Will Acting Chief Justice swear in winner of Seychelles presidential election?

The five-year contract of Chief Justice Mathilda Twomey came to an end earlier this month, and a new judicial leader for Seychelles must now be appointed. That is the responsibility of the Constitutional Appointments Authority of Seychelles. In the meantime, however, an Acting Chief Justice has been named: Justice Melchior Vidot.

Judges who have attended training workshops offered by the Judicial Institute for Africa (Jifa) in Cape Town may look at this photograph and see something familiar about the new Acting Chief Justice of Seychelles, Melchior Vidot.

That wouldn’t be surprising since he has participated in Jifa training on a couple of occasions during which he would have met judges from a number of other jurisdictions.

The Revised Rules of the African Court 2020: towards a more effective African Court

The African Court on Human and Peoples’ Rights is not a body that goes in for rapid or unnecessary change. So, when a revised set of rules is announced, everyone interested in the court and its work should take note. This week we’ve asked human rights expert Usani Odum, who is working at the court on secondment from the University of Pretoria’s Centre for Human Rights, for his take on the changes. Here he outlines the new provisions and their likely impact.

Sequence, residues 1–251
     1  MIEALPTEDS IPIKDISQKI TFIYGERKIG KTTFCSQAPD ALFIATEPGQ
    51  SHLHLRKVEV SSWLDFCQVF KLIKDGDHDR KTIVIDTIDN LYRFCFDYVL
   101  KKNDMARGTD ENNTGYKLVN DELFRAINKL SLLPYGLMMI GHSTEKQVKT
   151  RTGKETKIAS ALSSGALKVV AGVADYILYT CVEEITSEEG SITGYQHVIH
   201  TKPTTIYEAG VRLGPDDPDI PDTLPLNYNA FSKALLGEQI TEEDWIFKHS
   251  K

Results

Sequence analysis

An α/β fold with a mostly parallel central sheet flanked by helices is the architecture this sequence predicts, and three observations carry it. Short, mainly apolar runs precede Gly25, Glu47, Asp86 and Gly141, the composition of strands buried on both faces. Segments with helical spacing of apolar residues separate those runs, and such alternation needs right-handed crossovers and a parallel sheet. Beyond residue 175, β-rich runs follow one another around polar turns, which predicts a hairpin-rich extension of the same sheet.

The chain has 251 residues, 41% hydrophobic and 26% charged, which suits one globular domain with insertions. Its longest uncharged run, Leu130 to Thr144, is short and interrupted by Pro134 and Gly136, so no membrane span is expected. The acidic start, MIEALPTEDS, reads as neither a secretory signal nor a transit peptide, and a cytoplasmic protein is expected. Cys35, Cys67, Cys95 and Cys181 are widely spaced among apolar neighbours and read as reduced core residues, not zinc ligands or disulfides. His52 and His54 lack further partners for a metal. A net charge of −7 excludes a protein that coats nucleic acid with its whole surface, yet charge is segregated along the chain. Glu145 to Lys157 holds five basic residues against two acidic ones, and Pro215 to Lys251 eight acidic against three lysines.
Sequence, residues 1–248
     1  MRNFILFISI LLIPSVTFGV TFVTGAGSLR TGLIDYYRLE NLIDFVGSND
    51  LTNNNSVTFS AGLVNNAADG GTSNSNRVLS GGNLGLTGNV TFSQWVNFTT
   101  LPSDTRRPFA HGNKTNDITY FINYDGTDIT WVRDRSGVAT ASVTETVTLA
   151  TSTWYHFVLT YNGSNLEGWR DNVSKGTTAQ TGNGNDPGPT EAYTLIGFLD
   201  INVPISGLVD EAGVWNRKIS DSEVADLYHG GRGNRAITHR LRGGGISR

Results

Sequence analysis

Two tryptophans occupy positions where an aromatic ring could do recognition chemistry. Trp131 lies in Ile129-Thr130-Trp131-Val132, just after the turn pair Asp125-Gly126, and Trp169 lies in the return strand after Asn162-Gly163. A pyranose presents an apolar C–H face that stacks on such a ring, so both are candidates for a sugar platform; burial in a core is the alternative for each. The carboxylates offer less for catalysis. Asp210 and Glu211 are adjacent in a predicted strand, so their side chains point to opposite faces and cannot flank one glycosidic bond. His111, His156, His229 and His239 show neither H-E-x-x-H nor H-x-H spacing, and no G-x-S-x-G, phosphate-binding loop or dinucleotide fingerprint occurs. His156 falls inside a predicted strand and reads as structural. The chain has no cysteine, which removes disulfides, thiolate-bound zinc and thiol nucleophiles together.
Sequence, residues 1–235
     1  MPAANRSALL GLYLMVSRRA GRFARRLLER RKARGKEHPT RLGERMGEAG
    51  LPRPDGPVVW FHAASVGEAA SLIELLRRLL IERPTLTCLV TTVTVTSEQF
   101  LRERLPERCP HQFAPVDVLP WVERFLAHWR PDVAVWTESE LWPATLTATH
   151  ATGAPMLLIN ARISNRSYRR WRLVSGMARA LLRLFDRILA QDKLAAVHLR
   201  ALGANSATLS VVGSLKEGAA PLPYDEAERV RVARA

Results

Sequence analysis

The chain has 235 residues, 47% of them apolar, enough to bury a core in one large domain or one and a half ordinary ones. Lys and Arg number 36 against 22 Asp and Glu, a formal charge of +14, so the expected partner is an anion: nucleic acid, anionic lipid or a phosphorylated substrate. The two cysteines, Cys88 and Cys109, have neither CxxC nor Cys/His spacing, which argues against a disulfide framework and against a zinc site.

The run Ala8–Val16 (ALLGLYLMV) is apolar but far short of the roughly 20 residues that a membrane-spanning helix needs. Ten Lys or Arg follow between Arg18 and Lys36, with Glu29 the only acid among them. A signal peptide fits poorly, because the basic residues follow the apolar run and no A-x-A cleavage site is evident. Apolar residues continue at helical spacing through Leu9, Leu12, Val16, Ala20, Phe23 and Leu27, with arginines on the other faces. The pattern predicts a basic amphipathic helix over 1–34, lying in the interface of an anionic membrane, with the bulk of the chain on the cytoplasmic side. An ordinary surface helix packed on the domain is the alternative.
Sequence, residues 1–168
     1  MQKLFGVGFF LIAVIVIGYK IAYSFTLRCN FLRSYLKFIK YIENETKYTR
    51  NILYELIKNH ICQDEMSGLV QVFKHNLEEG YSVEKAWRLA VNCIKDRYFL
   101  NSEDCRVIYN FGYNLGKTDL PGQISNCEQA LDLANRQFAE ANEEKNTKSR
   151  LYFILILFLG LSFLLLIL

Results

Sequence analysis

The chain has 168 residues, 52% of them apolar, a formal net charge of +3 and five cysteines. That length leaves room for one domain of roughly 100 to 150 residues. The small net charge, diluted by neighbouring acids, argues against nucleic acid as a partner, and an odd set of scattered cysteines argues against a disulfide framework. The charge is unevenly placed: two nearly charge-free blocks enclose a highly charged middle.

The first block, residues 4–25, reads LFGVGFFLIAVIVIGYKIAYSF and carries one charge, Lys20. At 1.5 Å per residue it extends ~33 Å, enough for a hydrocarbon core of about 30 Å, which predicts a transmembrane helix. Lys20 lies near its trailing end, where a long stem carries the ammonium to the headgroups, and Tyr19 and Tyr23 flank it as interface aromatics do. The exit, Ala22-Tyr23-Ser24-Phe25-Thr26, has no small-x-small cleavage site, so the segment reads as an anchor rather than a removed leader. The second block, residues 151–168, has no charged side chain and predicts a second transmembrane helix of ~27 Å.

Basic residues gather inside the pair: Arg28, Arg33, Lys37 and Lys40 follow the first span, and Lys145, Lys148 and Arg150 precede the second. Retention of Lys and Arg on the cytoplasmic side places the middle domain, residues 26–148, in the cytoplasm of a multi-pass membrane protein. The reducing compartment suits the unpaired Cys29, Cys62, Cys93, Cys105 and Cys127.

High court judge finds 'no place' for sexual offences corroboration rule in Malawi

Many women and men have long felt uncomfortable with the corroboration requirement attached to trials of sexual offences. This requirement, whether a matter of law or practice, appears increasingly unjustifiable, unconstitutional even. It is inevitably, and almost exclusively, directed against women who are the overwhelming targets of sex crimes. Malawi now appears to have joined the list of jurisdictions where the corroboration rule will be regarded with suspicion and discarded.

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From being standard practice, the requirement that there be additional corroboration in sexual crimes is gradually losing its grip. Several African common law countries have already specifically stopped insisting on this requirement, South Africa and Namibia among them.